Teacher Jenny Tomkins recently took an unorthodox approach to get her students to attend class, and it has left many parents furious. 


Ms Tomkins sent an email to her secondary students saying that “being hot, feeling slightly faint, headaches, tummy aches and generally feeling slightly ‘low’ are not excuses to miss crucial lessons”, The Sun reports.


The message from the teacher continued, "Most of you have 15 hours’ worth of contact time per week – make it count, and attend lessons.”


Along with the harshly worded email, Ms Tomkins closed off her message with a meme that read "suck it up cupcake, deal with it like the mature adult that you think you are."


As you can imagine, parents were less than pleased with this rather harsh message to their children. 




The parents of these A-level students are claiming that emails like this undermine kids who suffer from depression, anxiety and panic attacks. 


One mum said the email was “absolutely disgusting from a school,” while another parent described it as “outrageous”.


Following outrage and complaints from parents, Ms Tomkins sent an apology email to both students and teachers: “I would like to apologise for any offence that I may have caused by the email sent at the end of last week.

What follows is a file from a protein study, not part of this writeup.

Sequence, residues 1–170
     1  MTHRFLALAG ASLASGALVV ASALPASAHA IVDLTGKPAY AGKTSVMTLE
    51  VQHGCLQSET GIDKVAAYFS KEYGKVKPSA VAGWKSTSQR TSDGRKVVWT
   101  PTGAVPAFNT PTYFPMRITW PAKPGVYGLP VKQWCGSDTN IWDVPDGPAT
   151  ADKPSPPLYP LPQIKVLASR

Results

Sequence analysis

“I understand my use of the word ‘low’ has been interpreted to relate to ‘mental well-being’ rather than physically ‘low/tired/under the weather’ that I intended. In addition, the meme at the end of the email seems to have exacerbated the situation. Please accept that I did not wish to offend or cause upset."


She continued, saying: “I would never want to downplay or trivialise those students that suffer from ongoing medical issues, both physical or mental. These will always be looked at separately, and attendance is adjusted accordingly with information and communication with yourselves and from home." 



Ms Tomkins concluded her apology email with a message to those students who may be struggling: 


“In addition, those of you that struggle with ongoing mental wellbeing issues, anxiety, depression, etc. – are dealt with brilliantly by the school, and we have a team of extremely supportive staff to help you day to day.


“I hope that you will continue to seek and utilise the support available.”


The head teacher of the school, Susanne Staab, said that the school had addressed the situation with the students and the parents who approached them.


What do you think, mums? Was the email very harsh, or was it justified?